Courage took over me and my nephew and I climbed to the first floor of the two-storey building. As we knocked at the apartment door, my mind was inundated by childhood memories. You see, my late father was the photographer of the school I attended (you can read about this in my previous blog of October 2-5, 2018), he was also a photographer at a restaurant (see my blog of September 15-16, 2018). I remembered how early in the morning, when my dad barely had any time to sleep, there would be women knocking at our apartment door to either meet with my mother for prayer, or a Word of Hope, or even to find refuge from getting killed by their husband – my mother has stood in between a knife and a woman to save her life – many, many times. So, my dad would be angry and swear at these women. I do not blame the man, as he only would have had couple of hours of sleep. Here I was, repeating history in a reverse sort of way. I felt bad to knock on the door, but after three knocks, a man of short stature opened the door. He only spoke Lebanese (Arabic), so thank God that my nephew was with me. The man was kind even when we can tell he needed more sleep. He let us in, his son was still asleep, we walked around the apartment quietly and I snapped as many pictures as possible.
The apartment was changed, yet, it was still the same. If we had more time to linger around the apartment, I am certain so many memories would have gushed to my mind, however not lingering more than 5-10 minutes was a blessing of sort, even if a part of me wanted to stay there for a longer time.
After the apartment adventure, we continued our day walking to different stores, to bid goodbye to those whom I had re-discovered from my childhood, as tomorrow was planned to be a day of packing and resting before we leave Lebanon towards Canada with a five-day stop over in Switzerland. The emotions were running high as I bid goodbye to many – and everyone kept repeating, “Do not wait another thirty-five years to come back and see us”.
As we were walking on the narrow streets of Bourj Hammoud, I was sharing with my nephew how my mother, his grandmother, walked these streets in darkness through the rubble to find bread for her hungry family and others. However, she did not just bring bread for the hungry, she also brought the wounded with her to our one-bedroom apartment, where already over 12-15 people were hiding. She took care of wounded and helped them to survive and heal. So, my nephew stopped me and said, “Aunty, I need to take a picture of you, as you are walking on these streets, in honour of grandma.” And that is when it came to me once again, in the footsteps of my mother, father, ancestors, Grace has made my roots of faith journey with Hope thus far.
We did our part for this day and got back to my sister’s fifth floor apartment, after walking over fifteen thousand steps, just to rest for a few minutes and go meet friends at Badguer (Photograph) Restaurant for our last supper of this Lebanon trip. Not many were able to show up, and that is understandable, having a dinner gathering on a Monday evening is tough. Therefore, my best friend, her daughter, son, my nephew, Gary and I enjoyed a nice private dinner. The local artist, Hovhannes (John) played his guitar and sang to us and we joined our voices with his many a times. After dinner, Gary went back home with my nephew, but my best friend, her son and I went to see a newly released movie, “CAPERNAUM”, directed by Nadine Labaki, “Winner of the Grand Jury Prize at the Cannes Film Festival (2018). CAPERNAUM (“Chaos”) tells the story of Zain (Zain al Rafeea), a Lebanese boy who sues his parents for the “crime” of giving him life. CAPERNAUM follows Zain, a gutsy streetwise child as he flees his negligent parents, survives through his wits on the streets, takes care of Ethiopian refugee Rahil (Yordanos Shiferaw) and her baby son, Yonas (Boluwatife Treasure Bankole), being jailed for a crime, and finally, seeks justice in a courtroom. CAPERNAUM was made with a cast of non-professionals playing characters whose lives closely parallel” (www.rottentomatoes.com – March 26, 2019)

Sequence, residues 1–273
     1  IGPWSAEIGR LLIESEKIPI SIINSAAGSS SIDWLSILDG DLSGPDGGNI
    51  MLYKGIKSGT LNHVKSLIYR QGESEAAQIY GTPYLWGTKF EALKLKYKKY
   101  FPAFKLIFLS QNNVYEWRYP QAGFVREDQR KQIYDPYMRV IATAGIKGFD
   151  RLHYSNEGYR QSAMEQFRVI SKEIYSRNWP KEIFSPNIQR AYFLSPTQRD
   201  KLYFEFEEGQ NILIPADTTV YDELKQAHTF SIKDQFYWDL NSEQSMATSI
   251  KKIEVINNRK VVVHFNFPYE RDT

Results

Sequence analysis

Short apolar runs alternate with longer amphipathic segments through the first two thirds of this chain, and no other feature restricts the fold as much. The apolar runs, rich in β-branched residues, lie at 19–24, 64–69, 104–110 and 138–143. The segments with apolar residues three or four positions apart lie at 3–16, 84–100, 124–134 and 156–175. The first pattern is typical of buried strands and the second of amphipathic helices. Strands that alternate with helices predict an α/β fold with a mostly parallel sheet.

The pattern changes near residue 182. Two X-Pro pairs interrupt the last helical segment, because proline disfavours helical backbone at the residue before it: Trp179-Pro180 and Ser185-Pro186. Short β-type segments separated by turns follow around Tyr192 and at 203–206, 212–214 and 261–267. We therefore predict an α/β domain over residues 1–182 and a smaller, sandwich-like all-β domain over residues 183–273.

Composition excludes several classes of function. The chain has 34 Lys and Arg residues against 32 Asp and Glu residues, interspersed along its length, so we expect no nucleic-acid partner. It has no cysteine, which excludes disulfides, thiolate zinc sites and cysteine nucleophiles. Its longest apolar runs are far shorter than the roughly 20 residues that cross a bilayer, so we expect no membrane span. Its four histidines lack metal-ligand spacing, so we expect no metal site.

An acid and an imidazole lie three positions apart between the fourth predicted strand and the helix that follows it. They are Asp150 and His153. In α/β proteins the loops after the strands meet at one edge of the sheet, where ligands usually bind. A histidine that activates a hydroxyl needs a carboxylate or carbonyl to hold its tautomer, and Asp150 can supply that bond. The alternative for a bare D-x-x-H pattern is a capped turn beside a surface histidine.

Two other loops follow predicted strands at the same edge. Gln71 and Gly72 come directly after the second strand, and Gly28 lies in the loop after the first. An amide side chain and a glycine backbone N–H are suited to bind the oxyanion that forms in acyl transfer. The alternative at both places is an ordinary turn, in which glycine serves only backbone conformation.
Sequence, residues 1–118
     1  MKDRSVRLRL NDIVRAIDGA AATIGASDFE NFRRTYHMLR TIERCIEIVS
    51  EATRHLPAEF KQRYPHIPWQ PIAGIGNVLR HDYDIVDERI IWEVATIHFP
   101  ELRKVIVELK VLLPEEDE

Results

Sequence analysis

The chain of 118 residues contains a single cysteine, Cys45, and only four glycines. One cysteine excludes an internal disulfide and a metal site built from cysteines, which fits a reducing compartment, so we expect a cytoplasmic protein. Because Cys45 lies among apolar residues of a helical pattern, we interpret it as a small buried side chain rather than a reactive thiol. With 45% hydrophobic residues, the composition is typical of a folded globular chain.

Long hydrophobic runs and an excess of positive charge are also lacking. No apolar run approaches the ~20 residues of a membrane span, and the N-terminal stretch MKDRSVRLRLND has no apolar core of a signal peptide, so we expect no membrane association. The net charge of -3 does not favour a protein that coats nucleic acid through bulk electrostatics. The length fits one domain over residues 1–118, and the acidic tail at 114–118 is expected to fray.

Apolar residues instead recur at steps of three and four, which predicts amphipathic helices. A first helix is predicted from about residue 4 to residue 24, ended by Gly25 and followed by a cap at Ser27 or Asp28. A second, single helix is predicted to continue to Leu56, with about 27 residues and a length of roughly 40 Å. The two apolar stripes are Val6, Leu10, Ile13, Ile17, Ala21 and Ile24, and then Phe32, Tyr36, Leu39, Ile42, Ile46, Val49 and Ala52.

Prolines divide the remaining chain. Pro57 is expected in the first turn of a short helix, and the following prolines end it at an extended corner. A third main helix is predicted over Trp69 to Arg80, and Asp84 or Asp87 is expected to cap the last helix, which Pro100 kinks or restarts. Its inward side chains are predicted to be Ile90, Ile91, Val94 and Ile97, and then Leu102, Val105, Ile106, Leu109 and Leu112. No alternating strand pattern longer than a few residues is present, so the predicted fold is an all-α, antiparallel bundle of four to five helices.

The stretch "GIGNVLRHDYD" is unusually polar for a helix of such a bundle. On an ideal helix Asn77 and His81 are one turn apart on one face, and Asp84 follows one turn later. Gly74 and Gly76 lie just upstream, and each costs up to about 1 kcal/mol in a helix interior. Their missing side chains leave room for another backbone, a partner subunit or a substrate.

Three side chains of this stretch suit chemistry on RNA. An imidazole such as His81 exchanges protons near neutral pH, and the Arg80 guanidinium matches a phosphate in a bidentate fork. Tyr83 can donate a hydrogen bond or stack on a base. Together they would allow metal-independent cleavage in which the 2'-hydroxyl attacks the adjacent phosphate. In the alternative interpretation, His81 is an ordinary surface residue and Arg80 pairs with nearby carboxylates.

This movie was truly the necessary, epic conclusion to my visit to Lebanon. To some degree it is the culmination of what I saw in person. Finding Hope, Life and Survival in the midst of chaos, in the midst of hardships, in the midst of death. I am very grateful to my friend’s son for coming up with this idea. The movie is heavy visually and linguistically, but it truly brought my visit to Lebanon into full disclosure. I would recommend everyone to find the DVD of this movie and see it. Because when you see it, you will have a glimpse of how life in Lebanon is for most of the marginalized people – these hardships can easily be found anywhere in the world – Not Just Lebanon.
Tuesday, October 9, Gary and I woke up a little late, as I only got home after 1:00 a.m. that morning. My nephew was already up and he prepared my coffee and announced that the breakfast was ready; moreover, he had gone to the chicken store and had taken two large chickens to CAHL, to feed the elderly. He also had some of the chicken blood brought back home, so we made the sign of the cross at the entrance door of their apartment. A symbol of God’s protection always present.
After breakfast we started arranging suitcases, what comes with us, what stays behind. The humidex of 40 degrees Celsius continued all through the day. I have never experienced such heat in Lebanon, during the month of October. After work, my best friend came to bid me goodbye, but she said, “Just like thirty-five years ago, I did not say goodbye, but see you. Today, I say the same, but I add, do not wait thirty-five years to come back”. After her departure, the principal of the Armenian Evangelical School, Shamlian Tatigian came to bid goodbye. She shared with me, that a year ago (October 2017), she was depleted of hope and did not know how the school will continue to help those who are unable to pay full tuition, and a year later, God covered a big gap, through the Elgin-Portland Pastoral Charge and the greater community. I, in turn shared with her that the vision of Peace through Education Lebanon came to me around the same time in 2017, when she was praying to God hopelessly. This is how the Spirit works…
Tuesday late night, we attempted to go to sleep, but at the corner of the street garbage and tires were being burnt and the smell, the smoke and the smoulder was rising to the fifth floor and irritating our throats and eyes and we could barely sleep. So, at 3:15 a.m. on Wednesday, October 10, we made our way to the airport, this time with two less luggage but our hearts full of the Love and Hope that we experienced with these amazing men, women and children – Created in God’s own Image.
Onward to Canada with a stopover in Switzerland requires a balancing act that requires Hope and Patience for the world to be a better place, by Grace, Mercy and our actions of Justice and not just charity.
Signing off… Wednesday, October 10, 2018, 10:45 p.m.